The African Swine fever (ASF) virus is about to conquer new territories, both in Russia and worldwide, Russian scientists believe.
Alexey Igolkin, head of the reference laboratory for ASF with the Russian veterinary watchdog Rosselkhoznadzor told the Russian publication Veterinary & Life that after raging for more than a decade in European Russia, ASF is now expected to gain a foothold in eastern parts of the country.
“This year, regions of Siberia and the Urals can be attributed to the zone of special risk. The first outbreaks of ASF were detected out there last year. These territories are already actively involved in the epizootic process. And, unfortunately, I think that the situation may worsen this year,” Igolkin said.
In 2021, ASF outbreaks in the eastern regions were registered only in private backyard farms, while this year, Russian veterinary specialists expect to discover the virus in the population of wild boars.
“In winter and spring, wild boars can come into contact with infected animal corpses that were not detected and destroyed in a timely manner, and the virus enters their population and further through contacts during the regrouping of herds, the formation of new families can take root on these territories,” he said.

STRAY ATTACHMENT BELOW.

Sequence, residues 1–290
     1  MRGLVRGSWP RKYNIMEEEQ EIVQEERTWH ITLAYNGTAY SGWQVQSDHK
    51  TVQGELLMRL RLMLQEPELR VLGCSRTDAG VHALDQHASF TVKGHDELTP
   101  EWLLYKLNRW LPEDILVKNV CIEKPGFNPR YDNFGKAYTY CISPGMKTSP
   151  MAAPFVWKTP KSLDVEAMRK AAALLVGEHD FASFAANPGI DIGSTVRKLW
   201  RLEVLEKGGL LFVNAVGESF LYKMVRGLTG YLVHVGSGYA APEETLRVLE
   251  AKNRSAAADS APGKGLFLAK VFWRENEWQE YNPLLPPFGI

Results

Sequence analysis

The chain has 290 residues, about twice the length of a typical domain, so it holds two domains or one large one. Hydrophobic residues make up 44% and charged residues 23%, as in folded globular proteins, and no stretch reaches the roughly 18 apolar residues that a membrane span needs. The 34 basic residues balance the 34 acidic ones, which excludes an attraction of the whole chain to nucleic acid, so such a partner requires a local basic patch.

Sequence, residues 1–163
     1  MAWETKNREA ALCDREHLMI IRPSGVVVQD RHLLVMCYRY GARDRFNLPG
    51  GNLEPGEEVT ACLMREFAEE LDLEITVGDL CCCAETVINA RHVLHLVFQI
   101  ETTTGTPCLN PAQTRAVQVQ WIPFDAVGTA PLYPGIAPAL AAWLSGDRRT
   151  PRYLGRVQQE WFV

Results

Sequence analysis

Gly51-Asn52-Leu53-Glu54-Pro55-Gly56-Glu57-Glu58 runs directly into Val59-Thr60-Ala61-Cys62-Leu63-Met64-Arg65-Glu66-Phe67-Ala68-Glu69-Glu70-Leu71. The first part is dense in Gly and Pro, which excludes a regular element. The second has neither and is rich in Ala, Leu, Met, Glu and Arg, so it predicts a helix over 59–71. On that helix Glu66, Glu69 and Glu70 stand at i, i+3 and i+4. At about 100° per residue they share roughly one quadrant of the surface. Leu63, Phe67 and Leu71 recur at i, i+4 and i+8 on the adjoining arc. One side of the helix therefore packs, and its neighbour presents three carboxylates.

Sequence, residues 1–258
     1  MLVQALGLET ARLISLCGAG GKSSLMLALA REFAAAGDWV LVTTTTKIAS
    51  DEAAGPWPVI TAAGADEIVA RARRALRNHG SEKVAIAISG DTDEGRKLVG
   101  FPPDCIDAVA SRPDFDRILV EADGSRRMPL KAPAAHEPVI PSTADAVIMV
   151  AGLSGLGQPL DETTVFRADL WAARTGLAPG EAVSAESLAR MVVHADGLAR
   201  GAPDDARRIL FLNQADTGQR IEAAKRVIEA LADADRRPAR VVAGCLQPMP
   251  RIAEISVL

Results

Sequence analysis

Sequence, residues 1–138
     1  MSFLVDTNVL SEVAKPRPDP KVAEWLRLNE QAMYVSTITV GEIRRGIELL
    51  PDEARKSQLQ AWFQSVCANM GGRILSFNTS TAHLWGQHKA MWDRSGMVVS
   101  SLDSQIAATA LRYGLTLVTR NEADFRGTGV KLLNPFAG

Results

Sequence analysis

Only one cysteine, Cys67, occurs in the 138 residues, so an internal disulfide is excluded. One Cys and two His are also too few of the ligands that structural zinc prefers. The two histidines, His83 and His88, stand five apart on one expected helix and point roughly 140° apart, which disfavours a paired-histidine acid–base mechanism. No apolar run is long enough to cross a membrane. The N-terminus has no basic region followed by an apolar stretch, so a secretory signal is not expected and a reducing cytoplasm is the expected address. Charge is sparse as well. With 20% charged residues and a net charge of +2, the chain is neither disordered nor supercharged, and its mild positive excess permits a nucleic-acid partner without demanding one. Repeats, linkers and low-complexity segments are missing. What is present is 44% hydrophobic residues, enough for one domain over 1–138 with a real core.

Since the beginning of 2022, 37 ASF outbreaks have been registered in Russia, including only 12 at the pig farms, Rosselhoznadzor estimated. The number of ASF outbreaks in the country has been steadily falling since the last major wave registered between October 2020 and January 2021, when Russian veterinary officials culled nearly 560,000 heads of pigs at several commercial farms to contain the further spread of the virus.
However, Russian scientists in the past claimed that it is clear that not all ASF outbreaks eventually end up in official statistics.
On the other hand, ASF continues to spread globally, with North and Central America might be at risk, Igolkin said.
“The Americas are now particularly at risk, as cases were detected in domestic pigs last year in the Dominican Republic, followed by the island of Haiti, where outbreaks are still being reported,” Igolkin said, adding that the virus poses a significant danger to the U.S. where large pig herds are concentrated.
“In the United States, they understand that they currently have a huge biological mine in the form of African swine fever at their side,” he added.